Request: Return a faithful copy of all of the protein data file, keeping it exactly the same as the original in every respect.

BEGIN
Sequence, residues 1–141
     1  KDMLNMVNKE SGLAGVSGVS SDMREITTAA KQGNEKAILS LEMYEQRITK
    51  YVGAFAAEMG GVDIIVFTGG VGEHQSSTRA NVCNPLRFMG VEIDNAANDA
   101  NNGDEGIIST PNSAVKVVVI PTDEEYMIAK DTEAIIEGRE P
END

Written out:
Sequence, residues 1–141
     1  KDMLNMVNKE SGLAGVSGVS SDMREITTAA KQGNEKAILS LEMYEQRITK
    51  YVGAFAAEMG GVDIIVFTGG VGEHQSSTRA NVCNPLRFMG VEIDNAANDA
   101  NNGDEGIIST PNSAVKVVVI PTDEEYMIAK DTEAIIEGRE P